The installation depends on how fast you can put a 1000's of pounds of equipment. You've just got to put big, heavy things in place and run big thick, heavy wires. You're running two dozen wires that are as big as your thumb and they're heavy; the wire is two-and-a-half pounds a foot. It's a lot of man-handling but I would say it's been relatively straightforward.
Is Eaton any better or different than any other UPS vendors on the market? From providing backup power not really. From how they do it, I can only say they have treated me well!
What was our ROI?
ROI is an extremely hard number to quantify. If a data center goes offline, the teaching and learning process at the University, and all the financial systems, hiccup. It would inconvenience an enormous amount of people. Some people would not teach because they can't get to electronic data. The cost of how many people would really go idle is difficult to calculate.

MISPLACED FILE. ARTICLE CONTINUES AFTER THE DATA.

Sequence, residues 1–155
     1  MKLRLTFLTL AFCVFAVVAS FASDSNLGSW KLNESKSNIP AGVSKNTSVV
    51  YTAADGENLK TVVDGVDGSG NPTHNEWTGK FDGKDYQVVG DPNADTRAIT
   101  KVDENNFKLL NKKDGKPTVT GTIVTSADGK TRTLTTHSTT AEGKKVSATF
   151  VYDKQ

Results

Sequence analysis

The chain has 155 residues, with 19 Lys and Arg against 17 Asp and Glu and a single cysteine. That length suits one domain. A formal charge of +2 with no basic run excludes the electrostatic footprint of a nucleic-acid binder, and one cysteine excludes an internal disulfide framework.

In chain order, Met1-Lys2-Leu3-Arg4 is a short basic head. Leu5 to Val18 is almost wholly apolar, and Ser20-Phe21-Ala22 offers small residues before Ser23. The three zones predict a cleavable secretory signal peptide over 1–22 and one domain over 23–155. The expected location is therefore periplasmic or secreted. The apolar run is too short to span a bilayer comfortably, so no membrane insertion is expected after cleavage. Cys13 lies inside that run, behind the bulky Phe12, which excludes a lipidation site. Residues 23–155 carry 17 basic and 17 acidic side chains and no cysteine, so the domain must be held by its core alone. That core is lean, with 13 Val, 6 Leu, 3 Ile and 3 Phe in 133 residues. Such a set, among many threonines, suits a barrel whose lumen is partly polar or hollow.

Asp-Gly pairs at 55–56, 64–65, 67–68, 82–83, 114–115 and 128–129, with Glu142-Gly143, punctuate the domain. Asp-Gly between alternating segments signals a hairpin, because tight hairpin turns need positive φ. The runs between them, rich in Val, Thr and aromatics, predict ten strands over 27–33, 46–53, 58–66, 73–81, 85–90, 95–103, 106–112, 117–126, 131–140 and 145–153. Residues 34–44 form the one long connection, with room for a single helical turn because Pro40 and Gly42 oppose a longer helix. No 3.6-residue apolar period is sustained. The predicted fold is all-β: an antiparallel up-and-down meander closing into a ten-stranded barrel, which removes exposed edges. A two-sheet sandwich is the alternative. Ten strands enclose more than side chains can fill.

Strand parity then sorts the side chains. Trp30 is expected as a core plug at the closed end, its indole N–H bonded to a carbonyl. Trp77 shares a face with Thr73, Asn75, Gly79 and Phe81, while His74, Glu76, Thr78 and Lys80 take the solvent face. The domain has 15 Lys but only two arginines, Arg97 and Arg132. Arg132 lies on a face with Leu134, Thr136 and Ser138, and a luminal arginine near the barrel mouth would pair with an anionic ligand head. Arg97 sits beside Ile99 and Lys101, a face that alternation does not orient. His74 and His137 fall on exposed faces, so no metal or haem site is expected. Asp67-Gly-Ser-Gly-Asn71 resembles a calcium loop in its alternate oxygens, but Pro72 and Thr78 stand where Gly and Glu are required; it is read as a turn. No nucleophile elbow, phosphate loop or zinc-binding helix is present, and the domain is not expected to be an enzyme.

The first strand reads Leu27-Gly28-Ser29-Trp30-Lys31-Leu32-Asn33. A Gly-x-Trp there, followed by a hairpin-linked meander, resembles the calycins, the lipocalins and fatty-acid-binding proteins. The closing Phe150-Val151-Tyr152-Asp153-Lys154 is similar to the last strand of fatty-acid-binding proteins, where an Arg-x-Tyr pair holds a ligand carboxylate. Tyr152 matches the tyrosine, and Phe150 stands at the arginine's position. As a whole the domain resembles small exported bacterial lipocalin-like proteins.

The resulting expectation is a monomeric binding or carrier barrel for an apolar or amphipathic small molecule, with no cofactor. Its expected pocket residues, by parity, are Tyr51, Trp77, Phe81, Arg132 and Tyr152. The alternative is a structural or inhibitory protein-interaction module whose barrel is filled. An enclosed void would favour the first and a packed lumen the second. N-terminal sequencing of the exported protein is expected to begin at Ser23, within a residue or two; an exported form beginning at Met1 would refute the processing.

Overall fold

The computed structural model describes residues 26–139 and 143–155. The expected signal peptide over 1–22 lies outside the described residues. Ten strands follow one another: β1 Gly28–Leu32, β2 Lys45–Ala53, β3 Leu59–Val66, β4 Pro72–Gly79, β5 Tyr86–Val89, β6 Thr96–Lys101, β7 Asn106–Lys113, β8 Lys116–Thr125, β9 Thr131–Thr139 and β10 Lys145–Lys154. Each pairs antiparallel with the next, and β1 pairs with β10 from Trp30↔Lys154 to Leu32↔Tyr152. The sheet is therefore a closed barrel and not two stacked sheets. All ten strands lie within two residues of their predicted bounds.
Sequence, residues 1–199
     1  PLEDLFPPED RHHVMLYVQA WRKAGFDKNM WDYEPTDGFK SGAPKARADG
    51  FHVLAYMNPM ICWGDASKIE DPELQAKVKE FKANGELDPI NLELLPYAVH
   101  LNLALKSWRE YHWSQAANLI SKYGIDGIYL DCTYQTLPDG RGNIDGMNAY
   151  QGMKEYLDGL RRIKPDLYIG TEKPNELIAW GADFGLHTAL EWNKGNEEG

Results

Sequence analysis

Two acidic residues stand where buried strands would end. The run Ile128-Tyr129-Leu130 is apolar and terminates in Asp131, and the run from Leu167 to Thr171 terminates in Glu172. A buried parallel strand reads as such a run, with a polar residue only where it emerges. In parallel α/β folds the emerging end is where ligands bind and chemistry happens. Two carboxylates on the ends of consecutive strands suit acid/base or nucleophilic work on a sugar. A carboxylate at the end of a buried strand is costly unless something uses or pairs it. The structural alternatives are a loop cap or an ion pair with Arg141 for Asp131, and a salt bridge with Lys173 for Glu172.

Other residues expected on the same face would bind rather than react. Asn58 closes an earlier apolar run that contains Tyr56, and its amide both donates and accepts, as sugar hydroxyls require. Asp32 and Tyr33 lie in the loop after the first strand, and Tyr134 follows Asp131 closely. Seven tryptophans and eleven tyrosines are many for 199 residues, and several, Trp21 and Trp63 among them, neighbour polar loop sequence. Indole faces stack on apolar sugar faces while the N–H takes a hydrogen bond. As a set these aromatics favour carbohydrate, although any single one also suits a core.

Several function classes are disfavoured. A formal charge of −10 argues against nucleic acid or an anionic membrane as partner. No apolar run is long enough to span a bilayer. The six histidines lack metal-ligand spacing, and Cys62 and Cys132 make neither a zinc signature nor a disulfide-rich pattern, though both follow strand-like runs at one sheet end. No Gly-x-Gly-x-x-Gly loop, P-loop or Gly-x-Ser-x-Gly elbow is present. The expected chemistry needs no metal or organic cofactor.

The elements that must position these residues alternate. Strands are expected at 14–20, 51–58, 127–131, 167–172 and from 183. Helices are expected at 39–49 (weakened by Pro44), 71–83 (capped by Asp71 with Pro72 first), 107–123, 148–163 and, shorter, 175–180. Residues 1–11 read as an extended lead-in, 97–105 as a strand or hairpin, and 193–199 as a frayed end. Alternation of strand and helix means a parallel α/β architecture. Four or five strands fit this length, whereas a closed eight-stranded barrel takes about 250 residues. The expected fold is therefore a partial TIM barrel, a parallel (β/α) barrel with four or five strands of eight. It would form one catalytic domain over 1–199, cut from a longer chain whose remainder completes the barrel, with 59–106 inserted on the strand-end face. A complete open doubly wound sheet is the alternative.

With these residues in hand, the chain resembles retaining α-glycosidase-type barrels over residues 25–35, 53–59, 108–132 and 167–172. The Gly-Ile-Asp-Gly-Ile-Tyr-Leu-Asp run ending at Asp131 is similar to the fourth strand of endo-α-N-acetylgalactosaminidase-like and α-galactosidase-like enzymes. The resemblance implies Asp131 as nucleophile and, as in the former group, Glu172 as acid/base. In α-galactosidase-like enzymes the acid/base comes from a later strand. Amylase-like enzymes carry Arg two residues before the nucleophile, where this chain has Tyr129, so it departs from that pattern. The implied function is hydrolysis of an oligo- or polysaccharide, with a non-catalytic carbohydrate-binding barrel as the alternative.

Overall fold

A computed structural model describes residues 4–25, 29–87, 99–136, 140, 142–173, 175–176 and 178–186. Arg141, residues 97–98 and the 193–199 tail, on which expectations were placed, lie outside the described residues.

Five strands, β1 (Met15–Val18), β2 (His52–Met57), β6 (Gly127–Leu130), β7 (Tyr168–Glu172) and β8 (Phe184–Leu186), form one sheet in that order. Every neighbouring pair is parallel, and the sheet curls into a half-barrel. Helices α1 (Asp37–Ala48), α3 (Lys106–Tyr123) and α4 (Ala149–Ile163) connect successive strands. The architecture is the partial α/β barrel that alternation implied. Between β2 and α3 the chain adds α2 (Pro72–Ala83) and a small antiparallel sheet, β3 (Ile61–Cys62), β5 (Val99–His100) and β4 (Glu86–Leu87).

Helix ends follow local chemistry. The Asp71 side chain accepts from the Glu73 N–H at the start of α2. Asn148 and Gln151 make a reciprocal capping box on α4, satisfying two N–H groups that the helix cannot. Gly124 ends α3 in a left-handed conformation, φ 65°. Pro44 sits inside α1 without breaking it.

Where the recovery comes in, with the amount of people involved, the numbers could get into the $70,000 s to $100,000 an hour number simply having faculty and staff idle people. It starts to add up.
In a previous position we calculated downtime at about $60,000 an hour, depending on the plant. Just idling staff cost that much. In higher-ed, what's more critical to the impact than idling people is the data. I have to protect the data. There are people whose life's work is literally sitting on a computers in one of my data centers. A faculty member who spent his entire life researching a subject may have his data sits on a computer in my data center. If that computer has a problem, he literally can lose his life's work. Granted backups should be in place and normally are.